Swapping Your Way to a Greener Life
Here's how it works: A point system functions as currency. You post an item on the site, assigning it a “price” in points, not dollars. Someone “buys” your item at the point value you’ve set, or bids another number. You get the points from the sale, and ship to the buyer. As the "seller," you absorb the cost of shipping -- but with the points earned from your sale, you can buy things. Money isn’t completely removed from the equation; every time you buy something, you pay a transaction fee (for example, the fee for a vintage Burberry raincoat is $1; the fee for a Dell Inspiron laptop is $15).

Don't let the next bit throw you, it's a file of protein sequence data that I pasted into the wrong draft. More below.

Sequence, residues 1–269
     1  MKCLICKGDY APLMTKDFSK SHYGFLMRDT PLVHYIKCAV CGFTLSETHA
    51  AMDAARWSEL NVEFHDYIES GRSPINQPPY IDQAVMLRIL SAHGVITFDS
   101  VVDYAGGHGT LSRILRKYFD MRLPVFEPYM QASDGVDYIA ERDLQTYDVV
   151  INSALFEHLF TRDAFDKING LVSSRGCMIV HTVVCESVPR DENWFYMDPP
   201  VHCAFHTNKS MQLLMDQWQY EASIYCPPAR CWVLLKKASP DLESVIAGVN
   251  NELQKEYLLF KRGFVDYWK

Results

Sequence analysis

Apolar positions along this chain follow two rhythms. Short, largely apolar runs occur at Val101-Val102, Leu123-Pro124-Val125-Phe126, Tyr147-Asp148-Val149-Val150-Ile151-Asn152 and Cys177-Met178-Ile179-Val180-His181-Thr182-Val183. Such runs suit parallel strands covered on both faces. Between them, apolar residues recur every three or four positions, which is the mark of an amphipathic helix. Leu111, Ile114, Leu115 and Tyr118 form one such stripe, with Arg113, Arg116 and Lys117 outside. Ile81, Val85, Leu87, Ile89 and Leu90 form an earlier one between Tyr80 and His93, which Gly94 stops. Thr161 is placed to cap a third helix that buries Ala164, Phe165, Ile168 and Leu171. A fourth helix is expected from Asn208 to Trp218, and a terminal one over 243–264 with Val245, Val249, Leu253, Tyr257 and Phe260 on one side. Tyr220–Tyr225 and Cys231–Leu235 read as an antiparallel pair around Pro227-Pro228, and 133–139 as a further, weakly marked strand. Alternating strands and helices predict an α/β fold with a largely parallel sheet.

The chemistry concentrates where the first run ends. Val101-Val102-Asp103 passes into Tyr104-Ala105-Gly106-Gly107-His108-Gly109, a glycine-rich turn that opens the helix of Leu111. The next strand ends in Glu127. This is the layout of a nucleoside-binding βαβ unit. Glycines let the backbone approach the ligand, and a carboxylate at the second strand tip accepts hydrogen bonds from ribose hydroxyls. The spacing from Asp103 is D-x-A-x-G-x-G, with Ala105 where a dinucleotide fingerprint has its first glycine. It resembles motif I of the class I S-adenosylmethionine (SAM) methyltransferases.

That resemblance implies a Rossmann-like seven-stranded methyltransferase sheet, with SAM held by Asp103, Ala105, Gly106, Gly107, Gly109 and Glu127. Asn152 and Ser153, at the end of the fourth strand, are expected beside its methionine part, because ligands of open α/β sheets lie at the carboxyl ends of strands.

SwapItGreen scores green street cred because it promotes a give-and-take ethic instead of a “mine, mine, mine” mentality. The site also shows your distance from sellers so you can buy closer to home.
However, there are other, even greener ways to swap: Hosting a swap party with friends or neighbors brings the barter system down to the local level; it's also a good excuse for a social gathering. Clothing, books, backyard veggies…the swapping possibilities are endless.
Another great resource is Freecycle, the online equivalent of leaving your sofa on the street with a “FREE” sign on it. You can advertise stuff you want to offload, and get everything from canned food to furniture. Good old Craigslist also has a section for bartering, as well as a section for free stuff.
-- Année Tousseau